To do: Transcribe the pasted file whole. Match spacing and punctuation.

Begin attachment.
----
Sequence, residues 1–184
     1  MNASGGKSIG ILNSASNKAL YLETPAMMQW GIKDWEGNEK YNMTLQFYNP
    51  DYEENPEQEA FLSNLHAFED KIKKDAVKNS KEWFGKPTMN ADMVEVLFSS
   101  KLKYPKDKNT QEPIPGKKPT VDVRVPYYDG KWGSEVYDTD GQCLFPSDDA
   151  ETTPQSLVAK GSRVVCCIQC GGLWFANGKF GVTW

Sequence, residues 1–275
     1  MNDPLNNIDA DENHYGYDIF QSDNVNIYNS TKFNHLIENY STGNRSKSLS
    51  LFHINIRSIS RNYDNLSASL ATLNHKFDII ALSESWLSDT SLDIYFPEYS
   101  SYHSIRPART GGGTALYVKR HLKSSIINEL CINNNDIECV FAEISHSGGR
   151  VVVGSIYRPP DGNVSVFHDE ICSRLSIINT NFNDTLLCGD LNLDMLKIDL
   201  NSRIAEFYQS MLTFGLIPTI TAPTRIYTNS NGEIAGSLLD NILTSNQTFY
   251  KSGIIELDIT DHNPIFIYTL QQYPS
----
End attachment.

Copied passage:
Sequence, residues 1–184
     1  MNASGGKSIG ILNSASNKAL YLETPAMMQW GIKDWEGNEK YNMTLQFYNP
    51  DYEENPEQEA FLSNLHAFED KIKKDAVKNS KEWFGKPTMN ADMVEVLFSS
   101  KLKYPKDKNT QEPIPGKKPT VDVRVPYYDG KWGSEVYDTD GQCLFPSDDA
   151  ETTPQSLVAK GSRVVCCIQC GGLWFANGKF GVTW

Sequence, residues 1–275
     1  MNDPLNNIDA DENHYGYDIF QSDNVNIYNS TKFNHLIENY STGNRSKSLS
    51  LFHINIRSIS RNYDNLSASL ATLNHKFDII ALSESWLSDT SLDIYFPEYS
   101  SYHSIRPART GGGTALYVKR HLKSSIINEL CINNNDIECV FAEISHSGGR
   151  VVVGSIYRPP DGNVSVFHDE ICSRLSIINT NFNDTLLCGD LNLDMLKIDL
   201  NSRIAEFYQS MLTFGLIPTI TAPTRIYTNS NGEIAGSLLD NILTSNQTFY
   251  KSGIIELDIT DHNPIFIYTL QQYPS